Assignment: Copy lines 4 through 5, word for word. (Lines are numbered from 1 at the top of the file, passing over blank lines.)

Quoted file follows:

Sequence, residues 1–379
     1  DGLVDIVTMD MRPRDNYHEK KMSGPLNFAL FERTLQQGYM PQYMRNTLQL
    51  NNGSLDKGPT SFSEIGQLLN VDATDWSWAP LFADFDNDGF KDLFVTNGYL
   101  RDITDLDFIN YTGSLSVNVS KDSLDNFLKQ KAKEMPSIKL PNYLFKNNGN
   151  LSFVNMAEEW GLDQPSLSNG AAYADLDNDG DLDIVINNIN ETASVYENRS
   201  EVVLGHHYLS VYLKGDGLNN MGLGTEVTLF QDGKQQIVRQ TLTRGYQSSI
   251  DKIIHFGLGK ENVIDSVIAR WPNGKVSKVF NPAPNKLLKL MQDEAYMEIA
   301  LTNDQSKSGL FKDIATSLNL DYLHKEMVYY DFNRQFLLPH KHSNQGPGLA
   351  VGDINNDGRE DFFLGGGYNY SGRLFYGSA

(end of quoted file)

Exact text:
   101  RDITDLDFIN YTGSLSVNVS KDSLDNFLKQ KAKEMPSIKL PNYLFKNNGN
   151  LSFVNMAEEW GLDQPSLSNG AAYADLDNDG DLDIVINNIN ETASVYENRS